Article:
An indigenous convention in Uluru last week recommended a constitutional body that would have the ability to scrutinise proposed legislation and make recommendations to government.
But Deputy Prime Minister Barnaby Joyce warns the idea “just won’t fly” because it was unlikely to garner sufficient support amongst Australians to change the constitution.
“We want something we can sell to the Australian people,” he told ABC radio on Monday.
“If you come up with something that we can’t sell for the Australian people then we’re not going to get anywhere.”
Joyce said while he accepted constitutional recognition, the proposed a new body was self-defeating and placing in jeopardy any bipartisan support for the Uluru Statement.
The statement on Friday – reproduced in full below – rejected a simple acknowledgement of indigenous people in the constitution.
Meanwhile, a Referendum Council leader is urging politicians to wait for its final recommendations on how best to recognise indigenous people before speculating on the prospects of success.
Co-chairman Mark Leibler says a full report from its indigenous steering committee, due in the next few days, will add to the Uluru statement.
“That will tell us what indigenous people want to have and what they definitely don’t want to have as far as constitutional reform,” he told ABC radio.
“Obviously, the Referendum Council is not going to recommend any particular referendum which is opposed by our Aboriginal and Torres Strait Islander people.”
Federal Labor frontbencher Linda Burney, a Wiradjuri woman, said the Uluru proposals were all “very possible” and the task now was to see how they could be applied.
She noted the statement was silent on constitutional recognition, which she saw as an important change, and scrapping the constitutional race power.
“I would advocate strongly that we do have to deal with the race powers because if we don’t do that it could actually still give the parliament the capacity to do away with a body of any sort within the constitution,” she said.
Ken Wyatt, the first federal indigenous minister, is confident the Referendum Council’s work on top of six years of discussion will lead to a referendum in 2018.
Greens MP Adam Bandt said when it came to a referendum, the parliament was probably more conservative than the Australian population.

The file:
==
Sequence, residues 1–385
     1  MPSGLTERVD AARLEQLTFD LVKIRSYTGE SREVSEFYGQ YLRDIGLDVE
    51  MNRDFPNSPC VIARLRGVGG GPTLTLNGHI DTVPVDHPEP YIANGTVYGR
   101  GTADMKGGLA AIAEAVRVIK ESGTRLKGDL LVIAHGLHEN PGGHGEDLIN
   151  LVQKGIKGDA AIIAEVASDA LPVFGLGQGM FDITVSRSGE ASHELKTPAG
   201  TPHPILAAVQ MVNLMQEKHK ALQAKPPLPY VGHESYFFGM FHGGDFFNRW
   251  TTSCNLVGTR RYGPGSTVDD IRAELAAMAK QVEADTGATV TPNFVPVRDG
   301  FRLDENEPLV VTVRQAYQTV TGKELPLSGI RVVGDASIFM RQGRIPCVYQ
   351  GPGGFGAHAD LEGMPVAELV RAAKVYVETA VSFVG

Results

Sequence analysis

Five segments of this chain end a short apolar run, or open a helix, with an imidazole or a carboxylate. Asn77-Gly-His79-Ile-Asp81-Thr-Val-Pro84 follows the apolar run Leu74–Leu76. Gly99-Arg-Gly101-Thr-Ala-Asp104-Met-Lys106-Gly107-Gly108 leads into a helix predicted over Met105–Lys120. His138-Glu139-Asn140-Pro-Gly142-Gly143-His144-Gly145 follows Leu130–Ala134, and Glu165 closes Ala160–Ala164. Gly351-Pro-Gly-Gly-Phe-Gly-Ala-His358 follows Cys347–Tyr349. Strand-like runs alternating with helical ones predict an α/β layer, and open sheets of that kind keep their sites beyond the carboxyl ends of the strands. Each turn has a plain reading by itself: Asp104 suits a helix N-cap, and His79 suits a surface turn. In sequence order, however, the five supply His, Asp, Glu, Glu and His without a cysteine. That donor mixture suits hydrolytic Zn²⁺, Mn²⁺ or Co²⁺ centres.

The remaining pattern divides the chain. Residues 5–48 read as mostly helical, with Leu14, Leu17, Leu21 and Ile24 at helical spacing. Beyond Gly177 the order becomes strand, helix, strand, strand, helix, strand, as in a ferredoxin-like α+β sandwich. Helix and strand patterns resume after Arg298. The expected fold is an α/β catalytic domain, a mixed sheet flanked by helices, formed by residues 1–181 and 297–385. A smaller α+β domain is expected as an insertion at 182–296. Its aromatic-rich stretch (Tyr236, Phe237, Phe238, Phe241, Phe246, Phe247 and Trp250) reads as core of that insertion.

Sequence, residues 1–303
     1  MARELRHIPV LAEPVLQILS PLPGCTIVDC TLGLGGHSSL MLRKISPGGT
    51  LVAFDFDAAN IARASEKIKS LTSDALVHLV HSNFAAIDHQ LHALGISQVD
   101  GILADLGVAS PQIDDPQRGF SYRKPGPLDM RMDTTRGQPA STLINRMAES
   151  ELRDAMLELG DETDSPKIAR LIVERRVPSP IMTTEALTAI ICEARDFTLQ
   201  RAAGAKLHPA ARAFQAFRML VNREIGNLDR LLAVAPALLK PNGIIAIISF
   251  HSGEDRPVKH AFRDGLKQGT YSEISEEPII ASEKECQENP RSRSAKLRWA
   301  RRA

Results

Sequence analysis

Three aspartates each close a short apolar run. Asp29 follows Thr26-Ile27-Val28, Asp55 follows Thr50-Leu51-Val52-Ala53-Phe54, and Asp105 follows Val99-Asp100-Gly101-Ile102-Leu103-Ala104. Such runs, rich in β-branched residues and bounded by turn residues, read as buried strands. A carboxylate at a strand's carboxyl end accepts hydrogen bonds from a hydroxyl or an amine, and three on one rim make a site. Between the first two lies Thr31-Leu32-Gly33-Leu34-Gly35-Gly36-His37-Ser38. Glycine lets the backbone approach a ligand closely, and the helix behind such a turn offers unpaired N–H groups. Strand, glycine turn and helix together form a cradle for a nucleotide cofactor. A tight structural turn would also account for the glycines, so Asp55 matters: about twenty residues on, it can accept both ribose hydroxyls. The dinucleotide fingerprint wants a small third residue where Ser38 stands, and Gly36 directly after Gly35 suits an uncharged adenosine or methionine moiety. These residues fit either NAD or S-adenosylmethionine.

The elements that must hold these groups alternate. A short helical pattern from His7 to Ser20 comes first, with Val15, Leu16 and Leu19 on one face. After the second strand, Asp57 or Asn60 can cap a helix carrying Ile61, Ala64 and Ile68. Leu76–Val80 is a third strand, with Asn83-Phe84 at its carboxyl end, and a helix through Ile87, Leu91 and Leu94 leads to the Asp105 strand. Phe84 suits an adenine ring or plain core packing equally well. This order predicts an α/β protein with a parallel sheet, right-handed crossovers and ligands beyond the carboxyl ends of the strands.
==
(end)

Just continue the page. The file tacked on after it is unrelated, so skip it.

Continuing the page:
“It’s time for a treaty in Australia,” he said.
“You only have to look across the ditch to New Zealand to see what difference a treaty makes.”
Full text: Uluru statement from the heart
We, gathered at the 2017 National Constitutional Convention, coming from all points of the southern sky, make this statement from the heart:
Our Aboriginal and Torres Strait Islander tribes were the first sovereign Nations of the Australian continent and its adjacent islands, and possessed it under our own laws and customs. This our ancestors did, according to the reckoning of our culture, from the Creation, according to the common law from ‘time immemorial’, and according to science more than 60,000 years ago.
This sovereignty is a spiritual notion: the ancestral tie between the land, or ‘mother nature’, and the Aboriginal and Torres Strait Islander peoples who were born therefrom, remain attached thereto, and must one day return thither to be united with our ancestors. This link is the basis of the ownership of the soil, or better, of sovereignty. It has never been ceded or extinguished, and co-exists with the sovereignty of the Crown.
How could it be otherwise? That peoples possessed a land for sixty millennia and this sacred link disappears from world history in merely the last two hundred years?
With substantive constitutional change and structural reform, we believe this ancient sovereignty can shine through as a fuller expression of Australia’s nationhood.
Proportionally, we are the most incarcerated people on the planet. We are not an innately criminal people. Our children are aliened from their families at unprecedented rates. This cannot be because we have no love for them. And our youth languish in detention in obscene numbers. They should be our hope for the future.
These dimensions of our crisis tell plainly the structural nature of our problem. This is the torment of our powerlessness.
We seek constitutional reforms to empower our people and take a rightful place in our own country. When we have power over our destiny our children will flourish. They will walk in two worlds and their culture will be a gift to their country.
We call for the establishment of a First Nations Voice enshrined in the Constitution.
Makarrata is the culmination of our agenda: the coming together after a struggle. It captures our aspirations for a fair and truthful relationship with the people of Australia and a better future for our children based on justice and self-determination.
We seek a Makarrata Commission to supervise a process of agreement-making between governments and First Nations and truth-telling about our history. In 1967 we were counted, in 2017 we seek to be heard. We leave base camp and start our trek across this vast country. We invite you to walk with us in a movement of the Australian people for a better future.
– with AAP
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